I therefore request a full description of your engagement and communications with the WHO since November 1, 2019, including the following:

  1. When did you or your staff first communicate with any officials or staff from the WHO about a suspected or confirmed outbreak in Wuhan, China (later determined to be COVID-19)? What was the nature of those communications? Through what channels did they occur, and with whom?
  2. When did you or your staff first communicate with the State Department, National Security Council, White House, or other Trump administration officials about a suspected or confirmed outbreak in Wuhan? With whom did you communicate?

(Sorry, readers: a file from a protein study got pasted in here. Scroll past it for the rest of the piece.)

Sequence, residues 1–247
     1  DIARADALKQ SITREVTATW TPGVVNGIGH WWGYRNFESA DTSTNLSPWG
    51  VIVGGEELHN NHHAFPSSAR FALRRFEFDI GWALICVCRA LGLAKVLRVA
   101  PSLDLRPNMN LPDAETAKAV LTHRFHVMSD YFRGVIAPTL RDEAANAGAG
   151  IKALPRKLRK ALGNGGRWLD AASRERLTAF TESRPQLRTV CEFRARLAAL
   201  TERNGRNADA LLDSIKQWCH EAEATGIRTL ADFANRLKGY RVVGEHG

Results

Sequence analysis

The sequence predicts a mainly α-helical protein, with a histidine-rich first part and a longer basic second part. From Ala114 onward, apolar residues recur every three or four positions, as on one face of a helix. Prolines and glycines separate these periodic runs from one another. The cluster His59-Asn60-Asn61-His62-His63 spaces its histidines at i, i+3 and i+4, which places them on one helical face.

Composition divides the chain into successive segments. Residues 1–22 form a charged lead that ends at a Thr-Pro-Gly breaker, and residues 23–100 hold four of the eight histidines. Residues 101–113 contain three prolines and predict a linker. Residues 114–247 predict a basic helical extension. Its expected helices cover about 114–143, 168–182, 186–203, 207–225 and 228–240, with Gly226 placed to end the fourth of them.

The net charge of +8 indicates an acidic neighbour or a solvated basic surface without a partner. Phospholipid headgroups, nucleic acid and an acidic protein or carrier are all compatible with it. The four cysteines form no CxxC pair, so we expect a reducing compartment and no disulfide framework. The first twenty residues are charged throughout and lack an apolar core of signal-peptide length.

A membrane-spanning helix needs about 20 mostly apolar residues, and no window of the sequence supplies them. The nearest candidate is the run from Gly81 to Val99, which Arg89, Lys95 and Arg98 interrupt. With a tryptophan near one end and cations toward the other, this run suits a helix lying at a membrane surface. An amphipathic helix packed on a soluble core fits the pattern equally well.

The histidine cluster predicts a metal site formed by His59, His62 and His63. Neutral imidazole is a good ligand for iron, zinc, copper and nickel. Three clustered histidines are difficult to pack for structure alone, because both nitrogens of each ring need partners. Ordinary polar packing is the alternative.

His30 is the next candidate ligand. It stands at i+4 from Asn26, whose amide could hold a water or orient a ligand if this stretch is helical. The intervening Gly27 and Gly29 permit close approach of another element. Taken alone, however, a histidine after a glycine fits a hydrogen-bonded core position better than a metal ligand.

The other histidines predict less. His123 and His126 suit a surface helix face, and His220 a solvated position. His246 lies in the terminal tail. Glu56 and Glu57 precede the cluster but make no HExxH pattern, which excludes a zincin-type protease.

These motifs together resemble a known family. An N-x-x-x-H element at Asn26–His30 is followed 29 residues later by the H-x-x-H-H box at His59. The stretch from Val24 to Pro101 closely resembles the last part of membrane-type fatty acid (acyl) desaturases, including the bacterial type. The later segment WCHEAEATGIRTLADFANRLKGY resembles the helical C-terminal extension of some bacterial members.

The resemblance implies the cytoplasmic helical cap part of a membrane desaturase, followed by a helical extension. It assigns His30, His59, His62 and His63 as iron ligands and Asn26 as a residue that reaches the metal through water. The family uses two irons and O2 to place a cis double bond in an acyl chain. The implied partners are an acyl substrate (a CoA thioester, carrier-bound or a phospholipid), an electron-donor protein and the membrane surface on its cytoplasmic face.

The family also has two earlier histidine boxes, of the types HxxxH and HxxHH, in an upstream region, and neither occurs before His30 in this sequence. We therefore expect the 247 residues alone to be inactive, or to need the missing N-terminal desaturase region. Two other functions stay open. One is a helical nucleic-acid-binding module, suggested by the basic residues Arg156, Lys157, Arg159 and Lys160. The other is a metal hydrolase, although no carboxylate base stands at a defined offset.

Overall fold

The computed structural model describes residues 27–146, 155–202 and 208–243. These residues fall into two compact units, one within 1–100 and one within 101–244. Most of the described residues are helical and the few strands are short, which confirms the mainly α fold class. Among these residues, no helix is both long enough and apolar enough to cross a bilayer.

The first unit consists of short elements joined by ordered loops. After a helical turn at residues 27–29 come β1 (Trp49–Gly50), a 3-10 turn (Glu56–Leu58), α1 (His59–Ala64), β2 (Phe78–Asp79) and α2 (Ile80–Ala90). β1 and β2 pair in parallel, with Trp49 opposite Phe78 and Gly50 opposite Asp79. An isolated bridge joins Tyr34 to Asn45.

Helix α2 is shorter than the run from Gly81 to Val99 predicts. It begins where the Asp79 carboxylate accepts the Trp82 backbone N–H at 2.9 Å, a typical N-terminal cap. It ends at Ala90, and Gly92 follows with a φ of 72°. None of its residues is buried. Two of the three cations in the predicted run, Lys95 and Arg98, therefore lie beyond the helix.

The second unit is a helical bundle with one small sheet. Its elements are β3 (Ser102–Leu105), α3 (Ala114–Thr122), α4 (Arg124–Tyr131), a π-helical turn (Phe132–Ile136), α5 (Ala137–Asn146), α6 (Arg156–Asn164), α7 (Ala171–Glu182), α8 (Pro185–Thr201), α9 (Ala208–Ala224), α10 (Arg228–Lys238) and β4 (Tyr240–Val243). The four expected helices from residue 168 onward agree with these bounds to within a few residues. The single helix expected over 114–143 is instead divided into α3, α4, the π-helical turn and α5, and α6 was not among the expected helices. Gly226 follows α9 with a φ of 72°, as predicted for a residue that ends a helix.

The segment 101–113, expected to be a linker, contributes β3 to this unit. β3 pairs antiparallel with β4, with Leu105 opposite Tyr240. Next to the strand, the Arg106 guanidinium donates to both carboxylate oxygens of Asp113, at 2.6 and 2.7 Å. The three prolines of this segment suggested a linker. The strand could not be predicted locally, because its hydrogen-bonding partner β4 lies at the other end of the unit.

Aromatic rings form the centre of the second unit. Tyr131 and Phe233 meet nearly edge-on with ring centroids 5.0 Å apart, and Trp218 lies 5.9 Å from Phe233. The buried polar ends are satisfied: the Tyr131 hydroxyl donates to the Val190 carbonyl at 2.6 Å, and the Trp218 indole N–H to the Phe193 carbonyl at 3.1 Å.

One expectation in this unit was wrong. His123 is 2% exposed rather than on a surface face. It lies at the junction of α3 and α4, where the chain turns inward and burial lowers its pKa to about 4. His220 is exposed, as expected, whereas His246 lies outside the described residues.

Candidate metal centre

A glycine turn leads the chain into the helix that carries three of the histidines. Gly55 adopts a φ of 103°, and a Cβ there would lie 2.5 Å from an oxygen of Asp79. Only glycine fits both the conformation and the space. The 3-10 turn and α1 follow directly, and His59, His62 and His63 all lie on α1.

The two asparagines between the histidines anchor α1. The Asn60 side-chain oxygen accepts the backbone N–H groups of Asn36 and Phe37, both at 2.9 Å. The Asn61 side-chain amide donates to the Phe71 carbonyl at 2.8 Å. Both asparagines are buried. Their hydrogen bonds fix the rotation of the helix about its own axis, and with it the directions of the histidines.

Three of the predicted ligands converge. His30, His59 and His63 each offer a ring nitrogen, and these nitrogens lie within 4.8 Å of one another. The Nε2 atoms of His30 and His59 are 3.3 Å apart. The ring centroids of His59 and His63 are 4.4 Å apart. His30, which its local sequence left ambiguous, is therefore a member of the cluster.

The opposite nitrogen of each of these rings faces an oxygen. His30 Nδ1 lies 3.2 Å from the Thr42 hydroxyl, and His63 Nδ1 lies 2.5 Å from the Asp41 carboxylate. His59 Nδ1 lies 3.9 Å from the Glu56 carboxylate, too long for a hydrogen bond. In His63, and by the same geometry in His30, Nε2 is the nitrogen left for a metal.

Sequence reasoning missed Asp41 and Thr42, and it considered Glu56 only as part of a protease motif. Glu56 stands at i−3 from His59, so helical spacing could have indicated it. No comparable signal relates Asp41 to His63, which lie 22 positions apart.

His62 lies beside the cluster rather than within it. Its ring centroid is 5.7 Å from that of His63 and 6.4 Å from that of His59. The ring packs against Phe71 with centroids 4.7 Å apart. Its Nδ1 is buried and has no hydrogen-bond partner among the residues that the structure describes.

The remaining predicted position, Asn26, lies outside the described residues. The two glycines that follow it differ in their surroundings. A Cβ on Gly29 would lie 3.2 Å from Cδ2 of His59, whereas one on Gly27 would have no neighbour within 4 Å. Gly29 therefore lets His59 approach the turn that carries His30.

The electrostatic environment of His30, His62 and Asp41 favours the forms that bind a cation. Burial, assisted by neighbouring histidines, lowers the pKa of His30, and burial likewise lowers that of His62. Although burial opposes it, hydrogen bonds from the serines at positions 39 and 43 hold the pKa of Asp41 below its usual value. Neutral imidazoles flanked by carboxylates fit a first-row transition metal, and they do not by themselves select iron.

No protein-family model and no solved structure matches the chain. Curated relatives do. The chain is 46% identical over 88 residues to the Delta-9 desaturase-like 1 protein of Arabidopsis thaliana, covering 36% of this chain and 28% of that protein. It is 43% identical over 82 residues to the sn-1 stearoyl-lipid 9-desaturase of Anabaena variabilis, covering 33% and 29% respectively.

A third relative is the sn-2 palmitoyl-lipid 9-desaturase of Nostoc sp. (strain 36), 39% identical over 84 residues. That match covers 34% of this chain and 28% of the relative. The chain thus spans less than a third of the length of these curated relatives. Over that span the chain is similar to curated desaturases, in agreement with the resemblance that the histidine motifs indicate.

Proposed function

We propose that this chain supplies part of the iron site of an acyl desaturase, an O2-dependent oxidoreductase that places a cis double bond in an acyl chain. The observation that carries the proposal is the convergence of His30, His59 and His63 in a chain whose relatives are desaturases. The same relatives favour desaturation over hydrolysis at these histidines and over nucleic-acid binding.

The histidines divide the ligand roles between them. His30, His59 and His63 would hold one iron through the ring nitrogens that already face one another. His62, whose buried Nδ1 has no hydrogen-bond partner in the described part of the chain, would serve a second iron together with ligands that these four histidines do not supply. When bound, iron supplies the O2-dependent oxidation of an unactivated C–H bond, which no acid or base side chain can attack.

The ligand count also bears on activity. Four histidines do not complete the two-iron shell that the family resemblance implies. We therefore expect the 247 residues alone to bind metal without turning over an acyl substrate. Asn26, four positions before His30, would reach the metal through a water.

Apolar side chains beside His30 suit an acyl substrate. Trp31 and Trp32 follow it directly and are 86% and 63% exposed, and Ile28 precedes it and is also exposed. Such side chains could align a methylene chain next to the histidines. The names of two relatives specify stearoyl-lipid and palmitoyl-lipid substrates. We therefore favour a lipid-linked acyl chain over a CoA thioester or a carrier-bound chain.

3. Did you or your staff communicate directly with any officials from the Department of Health and Human Services, including the Centers for Disease Control and Prevention (CDC), the State Department, or U.S. Agency for International Development in January or February 2020 about the virus later determined to be COVID-19? If so, when, and what was the nature of those communications?
  4. What information did you or your staff at U.S. Mission Geneva relay back to the State Department and USAID about COVID-19 and when?
  5. Prior to the outbreak of COVID-19, how many U.S. staff members at the U.S. Mission Geneva regularly engaged with the WHO?  What was the nature and tempo of these engagements, and at what levels?
  6. How and when was the decision made to halt U.S. contributions to the WHO? How was that decision communicated to the WHO?